Dawkins spends much of the book delivering a scorching indictment of religion. He attacks the evils that religion has visited upon the world and highlights the unjustifiably high regard in which it is held even in modern society. I quite agree. It’s appalling the things people can get away with when the things they do are committed in the name of religion. Most of his venom is directed at Christianity because Christianity, more than any other religion, has been responsible for so many crimes against humanity. Attacking the evils of religion is a pretty standard weapon in the atheists arsenal, but attacking religion is not the same as attacking God. I don’t blame God for the messes that we have created, nor do I expect him to clean them up. If God solved all our problems for us, we wouldn’t learn and grow.

Early on in the book, Dawkins asks why Philosophers and Theologians are any more qualified than anyone else to comment of matters of morality and answer life’s most profound questions. He asks why people think that Science has nothing to say about right and wrong. The answer to the first question seems fairly obvious to me. Philosophers and Theologians are moral qualified to address morality and life’s biggest questions for the same reason a surgeon is more qualified to perform a heart transplant; they’ve been trained to do it. Even if you disagree with the idea that God exists, a person who is well-versed in theories of ethics and knowledge and value and reality is more qualified to comment on those things than someone who has not been so trained. As for the second question, I believe Science may very well have something to say about morality and answering the big questions, but that’s a topic for another essay.

As stated before, one of my primary reasons for suspecting that there is a God is that so many people have believed in one and, of those, a good portion claim to have had experience with God directly. Dawkins dismisses this argument, pointing out that some people claim to have seen pink elephants, too, but that doesn’t make them real. Yes, but I’m pretty sure the number of people claiming to have seen pink elephants and the like is vanishing compared to the number of people who claim to have seen and/or heard God. Again, it’s the sheer number of people who seem to have had very similar experiences that leads me to suspect that they’re not completely full of shit. Dawkins actually counters this by pointing out that sometimes it’s hard to explain how a large group of people could have the same delusion, but it would be even harder to explain the phenomenon if it were real. I don’t think the existence of God is THAT far-fetched.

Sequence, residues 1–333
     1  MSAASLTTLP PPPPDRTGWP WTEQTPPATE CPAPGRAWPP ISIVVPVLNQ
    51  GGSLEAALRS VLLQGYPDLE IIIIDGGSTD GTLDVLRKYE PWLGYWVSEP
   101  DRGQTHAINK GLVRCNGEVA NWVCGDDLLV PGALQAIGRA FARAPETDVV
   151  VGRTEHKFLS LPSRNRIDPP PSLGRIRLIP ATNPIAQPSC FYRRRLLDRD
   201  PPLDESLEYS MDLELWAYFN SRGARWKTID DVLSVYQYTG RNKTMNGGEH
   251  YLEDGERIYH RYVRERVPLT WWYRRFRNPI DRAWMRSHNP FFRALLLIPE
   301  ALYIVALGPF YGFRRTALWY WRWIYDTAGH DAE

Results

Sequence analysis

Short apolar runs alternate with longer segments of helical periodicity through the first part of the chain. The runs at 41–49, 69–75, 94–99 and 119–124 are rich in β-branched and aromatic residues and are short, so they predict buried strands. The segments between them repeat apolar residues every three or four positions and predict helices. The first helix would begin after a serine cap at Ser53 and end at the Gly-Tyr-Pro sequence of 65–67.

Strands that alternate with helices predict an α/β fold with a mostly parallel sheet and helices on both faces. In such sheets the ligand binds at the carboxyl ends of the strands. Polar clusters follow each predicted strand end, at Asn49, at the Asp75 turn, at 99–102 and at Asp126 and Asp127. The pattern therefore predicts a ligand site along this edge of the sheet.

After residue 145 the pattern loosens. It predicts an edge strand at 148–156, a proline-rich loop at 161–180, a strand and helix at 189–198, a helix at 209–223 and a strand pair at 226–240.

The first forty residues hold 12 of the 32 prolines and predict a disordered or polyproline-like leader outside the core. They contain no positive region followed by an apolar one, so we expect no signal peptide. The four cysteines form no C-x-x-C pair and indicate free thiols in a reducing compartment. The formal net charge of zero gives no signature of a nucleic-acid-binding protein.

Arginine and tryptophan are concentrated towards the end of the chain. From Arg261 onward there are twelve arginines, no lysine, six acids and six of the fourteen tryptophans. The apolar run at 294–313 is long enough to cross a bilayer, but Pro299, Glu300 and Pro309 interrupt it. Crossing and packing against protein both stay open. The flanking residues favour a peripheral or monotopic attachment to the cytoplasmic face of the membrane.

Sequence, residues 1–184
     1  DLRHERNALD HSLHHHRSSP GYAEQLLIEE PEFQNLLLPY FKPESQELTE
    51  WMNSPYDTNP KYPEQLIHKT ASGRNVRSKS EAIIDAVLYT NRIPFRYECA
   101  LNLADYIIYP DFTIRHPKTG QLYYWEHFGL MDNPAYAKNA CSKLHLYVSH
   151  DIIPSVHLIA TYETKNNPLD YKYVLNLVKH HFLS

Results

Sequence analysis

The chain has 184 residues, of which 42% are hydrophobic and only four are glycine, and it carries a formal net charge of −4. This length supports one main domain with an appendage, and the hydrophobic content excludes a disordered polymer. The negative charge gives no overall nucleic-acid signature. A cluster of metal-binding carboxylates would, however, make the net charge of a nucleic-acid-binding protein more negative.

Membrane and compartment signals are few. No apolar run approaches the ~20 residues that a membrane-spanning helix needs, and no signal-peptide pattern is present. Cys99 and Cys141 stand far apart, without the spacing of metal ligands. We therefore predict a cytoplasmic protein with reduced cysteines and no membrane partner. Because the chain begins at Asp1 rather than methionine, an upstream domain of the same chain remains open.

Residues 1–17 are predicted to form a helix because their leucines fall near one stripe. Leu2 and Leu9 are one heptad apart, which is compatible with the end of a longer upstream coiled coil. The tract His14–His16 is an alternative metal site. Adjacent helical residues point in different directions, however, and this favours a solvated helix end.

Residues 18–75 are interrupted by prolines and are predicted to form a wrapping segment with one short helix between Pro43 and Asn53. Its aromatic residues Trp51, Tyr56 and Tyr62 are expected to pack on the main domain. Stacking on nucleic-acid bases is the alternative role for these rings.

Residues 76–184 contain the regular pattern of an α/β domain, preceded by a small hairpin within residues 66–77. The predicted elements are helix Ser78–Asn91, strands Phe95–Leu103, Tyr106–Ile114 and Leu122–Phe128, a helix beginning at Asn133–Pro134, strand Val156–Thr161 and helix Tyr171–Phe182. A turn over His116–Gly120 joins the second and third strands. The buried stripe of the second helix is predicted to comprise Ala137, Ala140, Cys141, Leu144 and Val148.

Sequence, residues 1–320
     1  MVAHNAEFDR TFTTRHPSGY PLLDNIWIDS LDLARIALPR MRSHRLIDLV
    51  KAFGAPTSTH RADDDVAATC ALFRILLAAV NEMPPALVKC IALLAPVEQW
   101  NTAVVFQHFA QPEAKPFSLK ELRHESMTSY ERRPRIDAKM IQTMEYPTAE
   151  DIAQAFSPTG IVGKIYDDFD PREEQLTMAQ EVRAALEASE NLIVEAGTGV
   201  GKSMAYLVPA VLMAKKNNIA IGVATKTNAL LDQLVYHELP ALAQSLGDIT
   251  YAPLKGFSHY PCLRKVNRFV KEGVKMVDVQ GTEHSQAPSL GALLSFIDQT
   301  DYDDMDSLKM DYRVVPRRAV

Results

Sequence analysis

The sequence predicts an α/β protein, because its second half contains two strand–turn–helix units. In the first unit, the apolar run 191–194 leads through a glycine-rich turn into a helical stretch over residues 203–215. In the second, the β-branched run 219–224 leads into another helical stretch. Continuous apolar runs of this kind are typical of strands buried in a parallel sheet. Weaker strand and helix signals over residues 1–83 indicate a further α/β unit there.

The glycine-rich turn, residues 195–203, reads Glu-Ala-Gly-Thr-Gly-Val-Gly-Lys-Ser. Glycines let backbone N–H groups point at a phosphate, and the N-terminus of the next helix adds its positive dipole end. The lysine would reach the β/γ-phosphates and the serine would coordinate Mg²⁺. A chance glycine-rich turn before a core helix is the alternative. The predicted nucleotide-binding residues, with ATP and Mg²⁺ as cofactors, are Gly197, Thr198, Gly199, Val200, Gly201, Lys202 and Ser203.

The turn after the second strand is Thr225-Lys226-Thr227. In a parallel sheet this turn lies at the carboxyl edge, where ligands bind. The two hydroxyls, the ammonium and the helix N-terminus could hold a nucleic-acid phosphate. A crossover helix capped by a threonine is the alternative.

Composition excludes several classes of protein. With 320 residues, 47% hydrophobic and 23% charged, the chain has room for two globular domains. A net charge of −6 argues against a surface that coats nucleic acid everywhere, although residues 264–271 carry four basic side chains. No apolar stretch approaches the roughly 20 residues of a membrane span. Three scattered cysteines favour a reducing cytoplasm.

He points out that the brain is capable of being fooled by an illusion. Again, this is true, but just because illusions exist and the brain can be fooled doesn’t mean that God is a delusion. Computers, especially when used for movie effects, can recreate a lot of things that really do exist. Just because something can be created or recreated doesn’t mean it was never real to begin with.

Dawkins is a scientist though and through and tries to use science, particularly Darwinian evolution by natural selection, to explain or disprove a lot of ideas throughout the book. His central argument against the existence of God is that if God created the universe, who created God? Whoever or whatever created God must have been more powerful than God himself. But then, who created this one who created God? And who created THEM? It gets into a kind of infinite regress that Dawkins believes assures us that there is almost certainly no God. Here’s my problem with that argument: His argument assumes that God had a beginning. It assumes the existence of Time, which is a concept that has been called into question going back perhaps as far as Einstein. Quantum Theoretical Physicists have postulated for decades now that time may not exist. Indeed the very existence of the world around us has been called into question. Einstein himself said that “Reality as we know it is an illusion.” It is widely believed among Quantum Theoretical Physicists that the world around us is an illusion; which, I think, lends some credibility to the possibility of there being a God and what we would call a spiritual plane of existence. The idea that “Life is but a dream” has been around for centuries in Eastern religions and philosophies. Again, the premise that God must have been created and had a beginning seems questionable to me because it presumes the existence of time. Dawkins seems to be aware of Quantum Physics as he talks about it a bit toward the end of the book. He does not, however, get into the idea that the world is illusory and time may not exist. Still, I have to suspect I’m not the first person to have thought of this. I’d be somewhat surprised if this hadn’t occurred to him or at least pointed out to him. I wonder what his response was.